The ADR program must be balanced. An employer will not be able to shift the balance in its favor by use of an ADR procedure that is unfair to employees and does not preserve all legal rights and remedies of an employee, and preserve due process. Courts would have little trouble invalidating any program which purports to limit the statutory remedy of an employee, including any remedies for punitive damages, legal fees, or any other remedy under which the claim brought would allow. Courts will not validate an ADR program which artificially limits the statute of limitations, allows the employer to unilaterally change the arbitration rules, or allows the employer to choose the arbitrator.


There are significant risk management advantages to a well-crafted ADR program.  Those advantages include reduction in cost as compared to conventional litigation, both in terms of legal fees and expenses, and time required by the employer and its managers involved in protracted judicial litigation. Arbitration proceedings are non-public which means that publicly sensitive businesses would not have their dirty laundry aired in public. One significant advantage is the certainty that management and employees have in the process. Everyone understands what the rules are and manage their expectations accordingly. This result can improve employee relations and reduce turnover. Another important factor is that when an arbitration ruling is made the award will be final and binding on the parties. This allows the parties to achieve finality and can get on with their lives. One of the most important aspects of a carefully crafted ADR program is the prospect of eliminating or significantly reducing class or collective actions. Also, exposure to frivolous lawsuit will be significantly curtailed. Implementation of an ADR program requires some careful planning but when executed properly can be relatively painless process to the organization irrespective of its size.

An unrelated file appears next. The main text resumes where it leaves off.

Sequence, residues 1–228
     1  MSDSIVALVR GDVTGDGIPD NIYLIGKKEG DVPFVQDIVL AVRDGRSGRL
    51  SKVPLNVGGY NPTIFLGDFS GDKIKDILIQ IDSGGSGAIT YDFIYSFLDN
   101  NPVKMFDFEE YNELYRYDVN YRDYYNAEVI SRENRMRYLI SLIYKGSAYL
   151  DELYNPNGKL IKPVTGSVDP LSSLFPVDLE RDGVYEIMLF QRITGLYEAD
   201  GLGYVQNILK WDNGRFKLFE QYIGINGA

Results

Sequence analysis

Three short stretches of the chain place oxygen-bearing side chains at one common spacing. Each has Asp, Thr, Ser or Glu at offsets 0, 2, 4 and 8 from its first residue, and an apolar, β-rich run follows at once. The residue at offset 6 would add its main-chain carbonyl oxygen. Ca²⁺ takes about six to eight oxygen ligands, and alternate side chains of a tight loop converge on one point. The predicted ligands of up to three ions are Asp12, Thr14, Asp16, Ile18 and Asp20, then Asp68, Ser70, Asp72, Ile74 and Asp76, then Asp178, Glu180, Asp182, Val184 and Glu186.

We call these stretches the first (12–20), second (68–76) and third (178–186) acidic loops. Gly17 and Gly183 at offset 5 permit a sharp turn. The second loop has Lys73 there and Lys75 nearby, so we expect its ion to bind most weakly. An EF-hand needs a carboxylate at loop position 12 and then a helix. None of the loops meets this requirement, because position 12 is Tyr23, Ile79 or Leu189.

ADR is the dispute resolution risk management mechanism of the future. For workplace disputes, it is far superior to conventional litigation. It offers employers a far less expensive, less risky, quicker, and potentially more effective means of dispute resolution than does traditional litigation. It can improve organizational health by identifying and addressing the root cause of employment disputes and structuring creative resolution.


As with all policies and core values, the particular form of ADR an organization elects to employ, as well as the policies implementing it, should be carefully structured to enhance your particular operations, your employee relations philosophy, your core values, and your past experience in adjudicating employment disputes. The variety and flexibility of ADR enhances its potential for effectiveness. 

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About this Entry

This page contains a single entry by Whayne M. Hougland published on March 1, 2011 10:17 AM.